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paying for someone else's honeymoon...

308 replies

Mumtomaybebabybella · 11/05/2011 17:22

I can't decide how I feel about this.

I have had two wedding invitations this week. The first one had TWO gift list requests in it - one for JLewis and one for trailfinders.

The second one has a link to a website where I can make a cash contribution to the couple's honeymoon in the Maldives OR buy them one of a selection of things such as a massage on honeymoon or a boat trip.

I suppose I just feel that I paid for my own honeymoon, honeymoon meals and excursions so why should I pay for someone else's?

I should also mention that we would be required to travel quite a distance to the second wedding and pay for a hotel, etc.

It says on the invite that our presence is gift enough - but it clearly isn't , is it?

I'm sure I'll be flamed. I'm just not keen on paying for someone else's luxury holiday tbh, though I will do it in both cases.

OP posts:

TubbyDuffs · 11/05/2011 17:26

What's the difference between spending a few quid on a gift or giving cash? Whether you have to travel and pay for a hotel or not, you're still going to turn up with a gift, so why not make it one that they actually want?



Lawm01 · 11/05/2011 17:27

I think if it says on the invite that your presence is gift enough, then you should take that at face value. Had this not been on the invite, I might be of the same mind as you.

To give them the benefit of the doubt, the couple/s are not expecting their honeymoon to be funded by wedding guests, but rather than end up with 30 toasters, they are suggesting that this might be what you'd like to do.

Of course, its entirely up to you whether you want to do this or think its appropriate. I'm sure that if you got them a lovely, personal, well thought out gift instead they would be equally grateful.


shirl2010 · 11/05/2011 17:28

usually couples will ask for money, esp if they already live together. this is often put towards honeymoon costs ... whats the difference?? just do what you want im sure other guests will meet their wishes


unwillingpuppysitter · 11/05/2011 17:28

Would it make you feel better to buy them an object of some sort that they don't want? If it would, then do that. OTOH if you want to make a gift (and let's face it, that is traditional at a wedding, and I bet you were given gifts at yours) then why does it make you unhappy to be able to get them something they actually want? Perhaps they could not afford the honeymoon without contributions and will remember it for ever, whereas if, like many modern couples, they already live together they probably have enough toasters/ pillowcases/ vases/ kettles already.

BTW You don't HAVE to accept the invitation if you don't want to pay for travel and a hotel. You could politely decline and simply send your carefully chosen toaster instead.

Best advice: cough up (as you propose), ENJOY YOURSELVES Grin and help your friends/ relatives celebrate a life long commitment.


AgentZigzag · 11/05/2011 17:29

If you don't want to give them cash for the honeymoon then just give them something else, or nothing at all?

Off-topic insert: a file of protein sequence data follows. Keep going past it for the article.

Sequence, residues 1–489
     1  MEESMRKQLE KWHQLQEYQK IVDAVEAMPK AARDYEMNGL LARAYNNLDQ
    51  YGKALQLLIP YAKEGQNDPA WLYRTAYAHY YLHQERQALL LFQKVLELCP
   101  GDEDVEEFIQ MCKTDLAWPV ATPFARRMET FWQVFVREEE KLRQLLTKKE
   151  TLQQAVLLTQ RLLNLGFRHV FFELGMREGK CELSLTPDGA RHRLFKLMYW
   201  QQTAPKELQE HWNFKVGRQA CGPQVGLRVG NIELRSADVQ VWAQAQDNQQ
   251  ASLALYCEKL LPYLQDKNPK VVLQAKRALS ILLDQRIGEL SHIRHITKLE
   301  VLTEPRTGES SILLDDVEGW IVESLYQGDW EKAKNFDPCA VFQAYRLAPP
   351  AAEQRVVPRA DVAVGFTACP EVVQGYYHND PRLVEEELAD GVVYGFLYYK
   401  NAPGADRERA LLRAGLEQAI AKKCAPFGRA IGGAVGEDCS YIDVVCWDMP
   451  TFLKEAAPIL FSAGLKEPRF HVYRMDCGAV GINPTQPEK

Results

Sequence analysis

They sound OK, not been rude or anything, said they're happy for no gift but if anyone feels the need then this is what they'd prefer.


dexter73 · 11/05/2011 17:29

I agree with TubbyDuffs. At least you are giving them something they want.


Olivetti · 11/05/2011 17:30

We had honeymoon vouchers as our gift list. Like you, I (still) feel a bit uncomfortable about the whole thing, and I had suggested not having a list at all. But my f-i-l pointed out that unless you have SOMETHING, people will bring things to the wedding - toasters, pictures etc whether you like it or not. We couldn't fit a single extra thing into our flat at the time, so we decided to ask for vouchers. I wasn't quite altruistic enough to do the charity thing....
I didn't bother with that "your presence is enough" bollocks. We just said "some people have asked about presents. We have a honeymoon account at..."
Still feels rude, to this day though.


pointydog · 11/05/2011 17:31

This comes up a lot.

I don't like it. I find it cheeky.


MumblingRagDoll · 11/05/2011 17:31

I tend to take a gift...I HATE these things. They mark you out...if all you can afford is the cheapest things then they know what you have spent!

I get something random and not on the list usually...I try to get nice things...but I resent being given a list!

YANBU they can buy their own frigging massage!


MumblingRagDoll · 11/05/2011 17:33

Oh...once I went to a wedding and said to someone "WHere do I put the gift?" and they shrugged...there was no table and yet the couple had put on the invitations that they wanted cash for their honeymoon but understood not everyone would be comfy with this so presents were present sat on this table all on its own all day and night!


MumblingRagDoll · 11/05/2011 17:34

shirl the difference is that I can only afford about a tenner! I feel embarrased about that...I spend a lot of time finding gifts which hopefully transcend monetary value and I dont want to stick a tenner in an envelope!


nijinsky · 11/05/2011 17:35